BBC statement on draft new Charter and Agreement

There has been a passionate debate over the BBC’s future. Overall, we have the right outcome for the BBC and its role as a creative power for Britain.Tony Hall
Date: 15.09.2016     Last updated: 15.09.2016 at 15.24
Category: Corporate
Today the Government has published the draft new Charter and Agreement.

Tony Hall, Director-General of the BBC said:

“This hard won charter is now an opportunity to write the next chapter in the BBC’s history. It will deliver the strong and creative BBC the public believes in. It provides an 11-year charter and a licence fee guaranteed for 11 years. It endorses the remit, scale and scope of the BBC, and backs it as a great British institution.

"I set out my concerns regarding the new board appointments back in May and said we would continue to make the case to the Government. The BBC is a public service broadcaster - not a state broadcaster. I am glad they have reconsidered. There will now be an equal number of board-appointed Non-Executive Directors alongside the ones appointed by the Government. And there will now be four Executive directors on the board too. An independent and strong BBC is what the public want and demand.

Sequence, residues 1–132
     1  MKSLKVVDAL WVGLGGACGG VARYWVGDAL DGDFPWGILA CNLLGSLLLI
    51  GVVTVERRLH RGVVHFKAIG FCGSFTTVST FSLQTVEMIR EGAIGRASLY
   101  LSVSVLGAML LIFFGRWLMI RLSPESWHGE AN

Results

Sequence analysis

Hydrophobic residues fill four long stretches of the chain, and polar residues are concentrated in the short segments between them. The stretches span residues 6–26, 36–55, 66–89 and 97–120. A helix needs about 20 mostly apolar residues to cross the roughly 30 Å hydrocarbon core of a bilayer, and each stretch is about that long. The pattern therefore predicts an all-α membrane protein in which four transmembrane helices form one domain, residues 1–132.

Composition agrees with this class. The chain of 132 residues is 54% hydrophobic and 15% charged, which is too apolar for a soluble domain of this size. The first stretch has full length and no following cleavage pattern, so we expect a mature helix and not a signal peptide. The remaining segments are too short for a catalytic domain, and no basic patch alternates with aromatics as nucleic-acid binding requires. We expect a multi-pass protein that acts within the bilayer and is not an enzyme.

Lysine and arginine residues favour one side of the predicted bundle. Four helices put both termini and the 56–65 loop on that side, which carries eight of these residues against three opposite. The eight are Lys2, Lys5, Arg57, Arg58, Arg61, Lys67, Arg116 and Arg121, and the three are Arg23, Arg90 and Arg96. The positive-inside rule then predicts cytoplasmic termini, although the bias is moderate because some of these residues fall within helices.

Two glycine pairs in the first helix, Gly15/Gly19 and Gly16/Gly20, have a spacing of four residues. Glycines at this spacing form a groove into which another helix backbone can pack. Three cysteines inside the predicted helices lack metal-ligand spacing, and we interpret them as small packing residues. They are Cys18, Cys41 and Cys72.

"Our position on talent pay has not changed and all major broadcasters have questioned the merit of the proposal. The BBC is already incredibly transparent and we publish what we spend on talent pay - a bill which has fallen in recent years. The BBC operates in a competitive market and this will not make it easier for the BBC to retain the talent the public love. Ultimately, the BBC should be judged on the quality of its programmes.

"There has been a passionate debate over the BBC’s future. Overall, we have the right outcome for the BBC and its role as a creative power for Britain. It lays the foundation for more great programmes and journalism. The BBC has always existed to inform, educate, and entertain. We will do that with renewed energy and vigour.”